Live worm found in Australian woman’s brain in world first
SYDNEY — In a world first, scientists say that an 8cm (3in) worm has been found alive in the brain of an Australian woman.
The “string-like structure” was pulled from the patient’s damaged frontal lobe during surgery in Canberra last year.
The woman suffered from what doctors called an “unusual constellation of symptoms” — stomach pain, a cough and night sweats, evolving into increasing forgetfulness and depression.
The red parasite could have been there for up to two months.
Researchers are warning that the case highlights the increased danger of diseases and infections being passed from animals to people.
“Everyone [in] that operating theater got the shock of their life when [the surgeon] took some forceps to pick up an abnormality and the abnormality turned out to be a wriggling, live 8cm light red worm,” said Sanjaya Senanayake, an infectious diseases doctor at Canberra Hospital.
“Even if you take away the yuck factor, this is a new infection never documented before in a human being.”
The Ophidascaris robertsi roundworm is common in carpet pythons — non-venomous snakes found across much of Australia.
Scientists say the woman most likely caught the roundworm after collecting a type of native grass, Warrigal greens, beside a lake near where she lived.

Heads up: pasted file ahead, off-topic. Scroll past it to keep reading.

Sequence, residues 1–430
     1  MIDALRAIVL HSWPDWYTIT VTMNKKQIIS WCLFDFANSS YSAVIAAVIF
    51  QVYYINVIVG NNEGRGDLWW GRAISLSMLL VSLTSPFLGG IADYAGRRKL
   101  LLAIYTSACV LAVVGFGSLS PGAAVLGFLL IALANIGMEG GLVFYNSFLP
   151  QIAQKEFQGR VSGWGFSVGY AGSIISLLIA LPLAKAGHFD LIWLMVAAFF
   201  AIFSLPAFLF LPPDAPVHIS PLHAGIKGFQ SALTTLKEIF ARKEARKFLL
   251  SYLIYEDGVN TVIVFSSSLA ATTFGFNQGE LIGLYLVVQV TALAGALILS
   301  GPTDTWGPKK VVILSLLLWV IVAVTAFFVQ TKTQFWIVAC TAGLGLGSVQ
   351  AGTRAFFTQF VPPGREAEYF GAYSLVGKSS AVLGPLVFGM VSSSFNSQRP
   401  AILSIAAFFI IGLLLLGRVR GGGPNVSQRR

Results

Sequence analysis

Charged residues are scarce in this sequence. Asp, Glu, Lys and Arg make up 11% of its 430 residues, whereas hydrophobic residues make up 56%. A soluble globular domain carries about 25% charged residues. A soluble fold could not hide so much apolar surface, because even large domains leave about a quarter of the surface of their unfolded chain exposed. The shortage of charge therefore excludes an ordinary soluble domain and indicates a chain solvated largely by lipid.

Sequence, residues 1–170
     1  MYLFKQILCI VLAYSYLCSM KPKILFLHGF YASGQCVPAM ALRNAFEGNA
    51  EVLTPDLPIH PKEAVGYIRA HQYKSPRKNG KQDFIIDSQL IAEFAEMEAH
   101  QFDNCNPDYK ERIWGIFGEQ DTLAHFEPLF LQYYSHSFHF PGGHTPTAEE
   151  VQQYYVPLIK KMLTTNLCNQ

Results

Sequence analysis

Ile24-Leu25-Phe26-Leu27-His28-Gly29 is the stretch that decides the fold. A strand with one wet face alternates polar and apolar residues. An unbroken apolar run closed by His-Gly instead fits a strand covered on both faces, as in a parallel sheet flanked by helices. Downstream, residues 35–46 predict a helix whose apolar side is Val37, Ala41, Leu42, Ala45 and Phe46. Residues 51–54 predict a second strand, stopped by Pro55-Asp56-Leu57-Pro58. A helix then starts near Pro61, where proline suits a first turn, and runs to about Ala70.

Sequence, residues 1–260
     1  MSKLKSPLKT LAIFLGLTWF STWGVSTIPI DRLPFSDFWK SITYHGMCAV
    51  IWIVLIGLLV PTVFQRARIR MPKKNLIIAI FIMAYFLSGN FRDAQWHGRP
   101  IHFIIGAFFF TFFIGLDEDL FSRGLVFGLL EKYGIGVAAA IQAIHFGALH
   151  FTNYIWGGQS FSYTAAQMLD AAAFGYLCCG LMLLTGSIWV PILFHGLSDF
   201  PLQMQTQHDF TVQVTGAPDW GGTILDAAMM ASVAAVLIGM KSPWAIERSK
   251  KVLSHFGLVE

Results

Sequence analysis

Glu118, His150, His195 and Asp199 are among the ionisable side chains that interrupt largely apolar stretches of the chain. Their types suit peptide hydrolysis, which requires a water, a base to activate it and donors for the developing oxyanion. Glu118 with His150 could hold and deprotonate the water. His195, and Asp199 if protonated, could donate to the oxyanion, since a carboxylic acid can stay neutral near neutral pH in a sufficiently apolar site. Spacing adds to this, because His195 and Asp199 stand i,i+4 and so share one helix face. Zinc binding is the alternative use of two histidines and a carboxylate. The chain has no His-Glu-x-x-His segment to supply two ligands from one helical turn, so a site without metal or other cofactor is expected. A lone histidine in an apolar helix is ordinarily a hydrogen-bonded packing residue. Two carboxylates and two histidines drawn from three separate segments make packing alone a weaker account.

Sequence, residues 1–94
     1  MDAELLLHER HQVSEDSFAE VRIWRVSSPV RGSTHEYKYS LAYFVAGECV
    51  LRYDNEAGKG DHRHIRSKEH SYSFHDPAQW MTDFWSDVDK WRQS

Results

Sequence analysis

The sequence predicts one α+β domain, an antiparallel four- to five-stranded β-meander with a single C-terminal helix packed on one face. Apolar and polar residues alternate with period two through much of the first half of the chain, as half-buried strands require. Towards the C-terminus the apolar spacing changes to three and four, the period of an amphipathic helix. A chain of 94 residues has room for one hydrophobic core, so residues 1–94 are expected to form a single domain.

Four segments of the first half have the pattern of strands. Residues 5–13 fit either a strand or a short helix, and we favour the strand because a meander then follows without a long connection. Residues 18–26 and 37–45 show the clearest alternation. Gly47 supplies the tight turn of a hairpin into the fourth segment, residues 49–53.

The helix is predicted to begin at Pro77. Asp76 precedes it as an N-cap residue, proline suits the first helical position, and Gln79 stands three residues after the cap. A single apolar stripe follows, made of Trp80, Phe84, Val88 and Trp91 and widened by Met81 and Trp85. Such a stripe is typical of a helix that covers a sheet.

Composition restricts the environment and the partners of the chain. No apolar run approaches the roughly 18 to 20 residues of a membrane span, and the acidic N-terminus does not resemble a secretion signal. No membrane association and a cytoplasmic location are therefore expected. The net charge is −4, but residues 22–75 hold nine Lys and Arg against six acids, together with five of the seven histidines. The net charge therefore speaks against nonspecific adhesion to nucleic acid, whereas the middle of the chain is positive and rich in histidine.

Writing in the journal Emerging Infectious Diseases, Mehrab Hossain, an Australian expert in parasitology, said she suspects the woman became an “accidental host” after using the foraged plants — contaminated by python faeces and parasite eggs — for cooking.
The patient was admitted to hospital in late January 2021. A scan later revealed “an atypical lesion within the right frontal lobe of the brain”. The cause of her condition was only revealed by a surgeon’s knife during a biopsy in June 2022.
She is recovering well despite making medical history.
“The invasion of the brain by Ophidascaris larvae had not been reported previously,” writes Dr Hossain. “The growth of the third-stage larva in the human host is notable, given that previous experimental studies have not demonstrated larval development in domesticated animals, such as sheep, dogs, and cats.”
Dr Senanayake — who is also an associate professor of medicine at the Australian National University (ANU) — told the BBC that the case is a warning.
The ANU team reports that 30 new types of infections have appeared in the last 30 years. Three-quarters are zoonotic — infectious diseases that have jumped from animals to humans.
“It just shows as a human population burgeons, we move closer and encroach on animal habitats. This is an issue we see again and again, whether it’s Nipah virus that’s gone from wild bats to domestic pigs and then into people, whether it’s a coronavirus like Sars or Mers that has jumped from bats into possibly a secondary animal and then into humans.”
“Even though Covid is now slowly petering away, it is really important for epidemiologists… and governments to make sure they’ve got good infectious diseases surveillance around.” — BBC